The Tennessean from Nashville, Tennessee on May 12, 1975 · Page 18
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The Tennessean from Nashville, Tennessee · Page 18

Nashville, Tennessee
Issue Date:
Monday, May 12, 1975
Page 18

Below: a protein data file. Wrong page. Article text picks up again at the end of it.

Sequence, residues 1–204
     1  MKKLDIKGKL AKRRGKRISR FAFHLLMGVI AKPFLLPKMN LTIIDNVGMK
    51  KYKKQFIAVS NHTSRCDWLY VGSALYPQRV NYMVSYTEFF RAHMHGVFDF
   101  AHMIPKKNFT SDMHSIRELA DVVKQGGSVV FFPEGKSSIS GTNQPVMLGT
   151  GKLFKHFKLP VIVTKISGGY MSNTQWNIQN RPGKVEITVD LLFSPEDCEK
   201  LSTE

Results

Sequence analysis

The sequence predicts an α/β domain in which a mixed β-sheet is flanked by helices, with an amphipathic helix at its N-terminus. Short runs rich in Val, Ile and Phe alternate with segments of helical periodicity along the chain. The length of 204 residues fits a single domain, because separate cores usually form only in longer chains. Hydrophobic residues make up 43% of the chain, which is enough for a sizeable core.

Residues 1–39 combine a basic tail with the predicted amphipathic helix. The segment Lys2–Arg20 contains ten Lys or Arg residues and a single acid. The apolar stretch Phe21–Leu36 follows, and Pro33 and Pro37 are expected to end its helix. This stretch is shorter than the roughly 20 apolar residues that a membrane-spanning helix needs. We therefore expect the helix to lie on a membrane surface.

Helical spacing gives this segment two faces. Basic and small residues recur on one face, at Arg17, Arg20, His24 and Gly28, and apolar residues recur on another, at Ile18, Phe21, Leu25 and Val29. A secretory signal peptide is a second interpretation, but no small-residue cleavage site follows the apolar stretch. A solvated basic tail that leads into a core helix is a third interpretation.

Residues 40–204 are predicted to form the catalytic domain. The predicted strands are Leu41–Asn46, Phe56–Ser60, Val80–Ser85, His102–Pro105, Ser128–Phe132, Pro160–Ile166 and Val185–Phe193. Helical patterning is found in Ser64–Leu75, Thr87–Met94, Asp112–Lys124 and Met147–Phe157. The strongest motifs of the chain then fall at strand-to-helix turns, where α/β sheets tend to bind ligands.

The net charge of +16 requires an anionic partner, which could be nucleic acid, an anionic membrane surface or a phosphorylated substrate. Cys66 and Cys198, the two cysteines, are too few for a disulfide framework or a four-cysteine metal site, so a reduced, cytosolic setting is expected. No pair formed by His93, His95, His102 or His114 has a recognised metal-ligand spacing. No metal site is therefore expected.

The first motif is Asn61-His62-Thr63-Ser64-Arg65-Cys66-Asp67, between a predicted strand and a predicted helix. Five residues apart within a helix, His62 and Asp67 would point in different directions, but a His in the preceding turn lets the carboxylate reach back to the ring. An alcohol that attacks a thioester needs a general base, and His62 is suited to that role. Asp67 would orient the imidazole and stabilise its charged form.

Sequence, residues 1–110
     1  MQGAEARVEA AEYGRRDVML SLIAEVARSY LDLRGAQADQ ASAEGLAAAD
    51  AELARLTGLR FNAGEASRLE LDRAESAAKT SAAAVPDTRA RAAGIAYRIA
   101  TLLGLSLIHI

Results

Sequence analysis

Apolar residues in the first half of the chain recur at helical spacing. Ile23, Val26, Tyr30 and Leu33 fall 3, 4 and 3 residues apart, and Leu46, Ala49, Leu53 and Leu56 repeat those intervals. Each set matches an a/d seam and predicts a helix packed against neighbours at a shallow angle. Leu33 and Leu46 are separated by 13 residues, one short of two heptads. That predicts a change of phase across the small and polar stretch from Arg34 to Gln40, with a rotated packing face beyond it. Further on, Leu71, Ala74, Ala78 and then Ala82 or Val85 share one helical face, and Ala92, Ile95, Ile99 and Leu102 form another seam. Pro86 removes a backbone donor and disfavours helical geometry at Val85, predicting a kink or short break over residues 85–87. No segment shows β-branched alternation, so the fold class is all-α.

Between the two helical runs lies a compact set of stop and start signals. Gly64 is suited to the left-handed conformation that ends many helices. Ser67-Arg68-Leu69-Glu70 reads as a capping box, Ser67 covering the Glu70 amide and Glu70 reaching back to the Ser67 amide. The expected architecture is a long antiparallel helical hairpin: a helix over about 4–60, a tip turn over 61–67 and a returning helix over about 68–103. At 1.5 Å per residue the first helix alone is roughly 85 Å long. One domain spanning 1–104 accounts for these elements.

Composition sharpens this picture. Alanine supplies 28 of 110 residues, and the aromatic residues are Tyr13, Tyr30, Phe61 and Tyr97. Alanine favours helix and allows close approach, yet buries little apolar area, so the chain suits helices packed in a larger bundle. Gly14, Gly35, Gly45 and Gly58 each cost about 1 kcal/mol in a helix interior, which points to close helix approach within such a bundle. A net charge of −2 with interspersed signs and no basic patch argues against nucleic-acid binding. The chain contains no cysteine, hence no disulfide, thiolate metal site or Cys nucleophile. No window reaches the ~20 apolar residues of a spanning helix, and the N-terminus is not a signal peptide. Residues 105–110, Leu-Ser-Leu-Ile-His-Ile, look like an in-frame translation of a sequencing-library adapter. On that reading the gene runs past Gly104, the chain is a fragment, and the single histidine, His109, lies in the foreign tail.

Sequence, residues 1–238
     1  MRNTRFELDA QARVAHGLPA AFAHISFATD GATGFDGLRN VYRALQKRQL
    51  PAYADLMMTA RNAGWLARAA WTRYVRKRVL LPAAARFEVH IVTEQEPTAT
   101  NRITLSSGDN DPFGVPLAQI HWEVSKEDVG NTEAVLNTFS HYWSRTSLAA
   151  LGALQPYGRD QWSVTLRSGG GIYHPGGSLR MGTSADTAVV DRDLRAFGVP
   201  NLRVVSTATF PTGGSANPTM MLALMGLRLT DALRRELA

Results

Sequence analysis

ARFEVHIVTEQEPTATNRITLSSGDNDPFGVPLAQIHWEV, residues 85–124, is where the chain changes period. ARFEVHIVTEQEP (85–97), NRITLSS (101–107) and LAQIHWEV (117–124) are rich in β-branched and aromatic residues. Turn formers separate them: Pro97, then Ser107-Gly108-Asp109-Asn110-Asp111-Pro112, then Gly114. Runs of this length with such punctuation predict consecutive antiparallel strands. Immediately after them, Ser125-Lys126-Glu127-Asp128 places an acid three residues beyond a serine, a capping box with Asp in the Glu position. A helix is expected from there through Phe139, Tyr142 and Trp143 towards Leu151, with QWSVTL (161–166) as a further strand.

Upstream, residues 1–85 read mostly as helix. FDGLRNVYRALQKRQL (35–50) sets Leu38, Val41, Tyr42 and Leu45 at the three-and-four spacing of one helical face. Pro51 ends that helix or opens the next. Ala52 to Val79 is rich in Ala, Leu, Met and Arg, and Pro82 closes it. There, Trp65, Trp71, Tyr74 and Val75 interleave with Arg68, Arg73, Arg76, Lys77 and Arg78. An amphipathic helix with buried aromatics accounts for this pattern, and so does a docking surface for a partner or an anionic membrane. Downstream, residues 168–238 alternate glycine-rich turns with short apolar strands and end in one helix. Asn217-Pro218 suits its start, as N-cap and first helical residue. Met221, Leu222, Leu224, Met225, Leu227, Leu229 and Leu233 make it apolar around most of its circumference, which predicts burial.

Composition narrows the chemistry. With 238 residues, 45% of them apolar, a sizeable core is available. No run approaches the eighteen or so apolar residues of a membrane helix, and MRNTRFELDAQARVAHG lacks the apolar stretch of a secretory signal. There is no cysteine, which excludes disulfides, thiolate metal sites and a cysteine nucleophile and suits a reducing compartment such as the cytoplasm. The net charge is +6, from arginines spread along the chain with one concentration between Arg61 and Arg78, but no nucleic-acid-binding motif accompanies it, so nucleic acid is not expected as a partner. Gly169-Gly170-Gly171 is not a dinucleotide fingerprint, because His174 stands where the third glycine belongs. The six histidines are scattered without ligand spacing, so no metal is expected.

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18 THE TENNESSEAN, Mondoy, May 12, 197S I A Mayor's Rac May Confuse City Politicians By WAYNE WHITT i c J '.V . !' f u Rep. Richard Fulton's announcement as a candidate for mayor of Nashville apparently will preclude two potential candidates from getting in the race but had no immediate effect on the s" - , " l t i ,l I r.-t- fe" - '-v yesterday. Joe Torrence. Metro fi- P nance director, and Tom f bhriver, Davidson County it district attorney general, have both said that they' p would not make the mayor s race if Fulton became a candidate. SHRIVER HAS expressed an interest in running for Congress if this district's seat should become open. Torrence has said he is interested in retaining his post as finance director under the next administration. Earl Hawkins, Criminal Court clerk, said yesterday Fulton's candidacy "will have no effect whatsover on me and my plans. I have been running for sometime. I am still running today. I expect to make a formal announcement sometime before June 1." "'I i 1 If L " : - 4 A Reporter Goes to Church Fisk Seniors o Help Hopeless rged ".II -.'AV.. 'Nat'1" f 1 f i, ' 51 V .v Challenges Predicted, Awaited $tf photoi kjr Frank Emptoii The Rev. James N. Mitchell, dean of the Fisk University Chapel, speaks to graduating seniors at baccalaureate Glenn Ferguson, Metro services. At Mitchell's left is Fisk Dean E. Oscar Woolfolk. trustee, said Fulton's entry into the Aug. 7 race "comes as no surprise. I had expected it all the time and I have been making my plans with that in mind. I have been considering running for both mayor and for Congress and I will make a formal announcement of my intentions soon.". District Court Clerk Resigning FULTON, WHO an- nounced his candidacy on Saturday, said he made the decision "after several weeks of prayerful consideration. "The challenge for leadership in all American cities today is great. It is particularly true in our own city of Nashville." Fulton, who has been a member of the State Senate and a congressman from the 5th District since 1963, added: "I believe as mayor I can offer more direct service to the community. That is my principal reason for reaching this decision." HE ALSO said that his decision will allow him to make Nashville his full-time place of residence, "while my duties in Congress have made it necessary to maintain two homes and to engage in almost constant weekly travel." Fulton made his announcement here, and leaves today for Washington. Other names which have been mentioned as possible candidates include Metro Sheriff Fate Thomas and Vice Mayor David Scobey. The Rev. James Price and Jesse D. McDonald have already qualified with the county registrar at large, but are not expected to be serious candidates. The deadline for filing is June 28. Wheel Tax Meet Set in Sumner GALLATIN - The Sumner County Quarterly Court will meet at 7 p.m. today at the General Sessions courtroom to consider a private act on a county wheel tax law and will also receive budget requests from various departments. County Court Clerk James England, who said the meeting will be conducted by County Judge Bethel Brown, said that budget requests will be received as follows: O Agricultural Extension Service, $26,974. Sumner County Soil Conservation, $6,000. 9 Tennessee Division of Forestry, $2,000. 0 Tennessee Vocational Training Center, $10,265. 0 Society for Aid to the Disabled, $10,000. Portland Rescue Squad $3,500. O White House Civil Defense, $1,000. Brandon Lewis, U.S. District Court clerk for the past 11 years, is retiring and will be succeeded by the present chief deputy clerk, Frank E. Williams. Lewis, a native of Dover, Tenn., was appointed to the clerkship in 1964. AFTER graduating from Cumberland University Law School in 1931, he practiced law and served as clerk and master in Stewart County until he came to the clerk's office in 1940 as deputy clerk. Shortly thereafter, he served as an assistant U.S. attorney for about two years and then as law clerk to the late Judge Elmer Davies. In 1957, he joined the legal department of the Corps of Engineeers and then served as law clerk to the former Chief Judge William E. Miller, who now sits on the Circuit Court. Williams, a native of Nashville, came to the clerk's office in 1955. U.S. Dist. Court judges Frank Gray Jr. and L. Clure Morton expressed their appreciation yesterday to Lewis for his many years of service. : .71 Brandon Lewis Native of Dover SAID GRAY: "During the 11 years he has been clerk, he has done an outstanding job. He has handled an in creasing number of duties due to the multiplying case load and the increasing amount of work in jury se lections. Morton said, "He has rea dered long and faithful ser vice and we will certainly miss him Magazine Covers Southern Themes Southern Exposure, a magazine focusing on the South, its culture, people and problems, was formed with the idea of looking at the region "both positively and critically," a staff member said yesterday. Published quarterly by the Institute for Southern Studies in Atlanta, each issue is devoted to a particular theme, according to staffer Grace Paine. PAST ISSUES have dealt with the Southern media, music arid workers. Plans for future issues include a close look at Southern black writers, photography, women and religion. . Ms. Paine said the journal has a two-fold goal: to provide interesting reading and serve as a research tool for those formulating a strategy for change in the South. 2 Women Killed In Trailer Fire CLINTON, Tenn. (AP)-Two women died early yesterday in a trailer fire that apparently was caused by smoking in bed, the Anderson County Sheriff's Department said. They were identified by the department as Mary Howard and Patricia Bailey, whose ages were unavailable. "THE SOUTH has had its share of problems, but we want to identify those and look at them both positively and critically," she said. "There is much in the Southern culture that can be expanded and refined. There is a uniqueness in this region and Southerners need to be aware of it and know what is going on." Although the publication places an emphasis on personal interviews, such as recent ones with country music entertainer Minnie Pearl and Robert Coles, a Southern writer and psychiatrist, it also examines the region from an historical perspective. THE ISSUE devoted to Southern workers included articles on the effort to organize sharecroppers, past workers' struggles in the coal mining battles of East Tennessee and the 1936 United Auto Workers strike in Atlanta. The one on music featured stories tracing country music and the Grand Ole Opry to their origins and examines the current country music scene and its offshoots of rock music. Southern Exposures' issue on Southern land includes an article by Willian Spier, a former chairman of the Ozark Folklore Association, which tells of bygone days of small farms in the South and their owners' struggles to "live off the land." The journal's most recent issue is devoted to the Southern media with articles on the early black press, the freedom of high school journalists and "Who Owns the Media," a story about the growth of the industry and chain newspapers and television stations. Another feature of the journal is a section devoted to short reviews of all new books and doctoral dissertations on the South. Ms. Paine said the journal has a circulation of 5,000 and is available by subscription or at local bookstores. At right, graduating seniors look over the program during the services. By W.A. REED Tf nuriuag Rfllgloa Ntwi Editor The 286 members of the graduating class of Fisk University were asked yesterday to carry love, knowledge and a program to "communities where there is an absence of hope and despair about the future." Speaking to the graduating students on the sun-speckled campus grove of the university was Dr. Lawrence N. Jones, dean of the Union Theological Seminary, , New York, N.Y. Dr. Jones was dean of the Fisk Memorial Chapel ten years ago. "YOU MUST decide for whom or for what you care and what skills you have beyond the rhetoric of the revolution," Jones said. Recalling the traditions of Fisk University that he learned while here, Jones said: "I call to mind how much love and devotion has always gone into the development of this university and I recall that your motto has always been, 'Her sons and daughters are always on the altar.'" HE WARNED the students that they leave their place of learning in a time of skepticism and a time of fluctuating morality. "Beyond this skepticism and the serious difficulties of these days there must be another outlook your insight into the hopes, aspirations, longings and loneliness of others," said Jones. The dean said the graduating seniors must expend themselves to their neighbors, discern what is true and rightful knowledge and grow in love. 'LIKE THE legendary Good Samari tan, you must care what happens to others and it will be then that truth will come out of your legacy of serious and purposeful relationships with other human beings, "Jones said. Presiding at the baccalaureate service was the Rev. James N. Mitchell, dean of the Fisk Chapel. The Fisk University Choir sang the anthem, Sanctus and Hosanna to the Prince of Light, an anthem composed by John W. Work, III. Robert K. Mauch directed of the university choir. Dr. Roy Wilkins, executive director of the NAACP, will receive the honorary degree of Doctor of Humane Letters at 10 a.m. today at'the university's 101st commencement exercises. RETIRING professors receiving awards are Mrs. Mabel R, Love, associate professor of physical educatiion; Dr. Theodore A. Love, associate dean , and registrar, and Dr. S. Oliver Roberts, professor and chairman of the Department of Psychology. Awards for 25 years of service will be given to: Dr. Nelson Fuson, professor of physics. Mrs. Anne Gamble Kennedy, associate professor of music. Mrs. Elizabeth Scales, an employe of the Fisk University post office. Herbert Thompson, athletic director and chairman of the Physical Education Department. Dr. Rutherford H. Adkins, vice president of the university, will preside and confer degrees at ceremonies today. 'Based on 1975 model Federal fPA fuel economy reoon. . la Grande Bug, a limited edition luxury Volkswagen, ushers in a new era of gracious motoring. The la Grande Bug is replete with appointments that cater to your every comfort and convenience. Inside, you'll find plush corduroy and leatherette trim seating. You'll love the rich carpeting, and enjoy the view ot the top through a sliding sunroof. Outside, you'll impress the world with silver- colored custom wheels, and a choice of 3 metallic paints. Perhaps, most impressive of all, you'll enjoy a luxury feature most luxury cars can't even offer: 33 miles to the gallon on the highway and 22 mi'es'to the gallon in the city We cordially invito you to inspect la Grande Eug at your convenience.1 We thinic you'll he pleasantly surprised to learn how little it costs to hove arrived. "' '. AUMITED EDI lUXIRYVOLKSWAGLN Nashville Superior Motors, Inc. 630 Murfreesboro Road Nashville Melrose Volkswagen, Inc. 2350 Eighth Avenue South